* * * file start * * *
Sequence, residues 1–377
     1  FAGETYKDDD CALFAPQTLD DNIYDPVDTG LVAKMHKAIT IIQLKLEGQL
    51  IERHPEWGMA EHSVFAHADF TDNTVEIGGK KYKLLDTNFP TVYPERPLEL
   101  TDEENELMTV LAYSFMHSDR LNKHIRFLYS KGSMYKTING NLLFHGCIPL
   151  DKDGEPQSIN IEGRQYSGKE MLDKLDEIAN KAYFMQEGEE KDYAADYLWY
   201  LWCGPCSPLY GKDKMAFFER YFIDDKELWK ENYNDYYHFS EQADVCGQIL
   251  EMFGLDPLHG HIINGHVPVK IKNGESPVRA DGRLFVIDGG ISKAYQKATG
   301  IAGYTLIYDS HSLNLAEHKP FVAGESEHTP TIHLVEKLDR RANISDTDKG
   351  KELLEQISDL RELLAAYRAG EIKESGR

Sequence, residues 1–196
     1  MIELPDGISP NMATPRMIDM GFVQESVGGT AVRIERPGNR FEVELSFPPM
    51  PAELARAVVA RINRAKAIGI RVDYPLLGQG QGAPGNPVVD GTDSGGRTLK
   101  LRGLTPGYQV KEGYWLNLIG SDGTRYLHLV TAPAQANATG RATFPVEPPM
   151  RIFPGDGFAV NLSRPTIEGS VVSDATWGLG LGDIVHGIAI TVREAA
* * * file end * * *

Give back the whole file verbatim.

Sequence, residues 1–377
     1  FAGETYKDDD CALFAPQTLD DNIYDPVDTG LVAKMHKAIT IIQLKLEGQL
    51  IERHPEWGMA EHSVFAHADF TDNTVEIGGK KYKLLDTNFP TVYPERPLEL
   101  TDEENELMTV LAYSFMHSDR LNKHIRFLYS KGSMYKTING NLLFHGCIPL
   151  DKDGEPQSIN IEGRQYSGKE MLDKLDEIAN KAYFMQEGEE KDYAADYLWY
   201  LWCGPCSPLY GKDKMAFFER YFIDDKELWK ENYNDYYHFS EQADVCGQIL
   251  EMFGLDPLHG HIINGHVPVK IKNGESPVRA DGRLFVIDGG ISKAYQKATG
   301  IAGYTLIYDS HSLNLAEHKP FVAGESEHTP TIHLVEKLDR RANISDTDKG
   351  KELLEQISDL RELLAAYRAG EIKESGR

Sequence, residues 1–196
     1  MIELPDGISP NMATPRMIDM GFVQESVGGT AVRIERPGNR FEVELSFPPM
    51  PAELARAVVA RINRAKAIGI RVDYPLLGQG QGAPGNPVVD GTDSGGRTLK
   101  LRGLTPGYQV KEGYWLNLIG SDGTRYLHLV TAPAQANATG RATFPVEPPM
   151  RIFPGDGFAV NLSRPTIEGS VVSDATWGLG LGDIVHGIAI TVREAA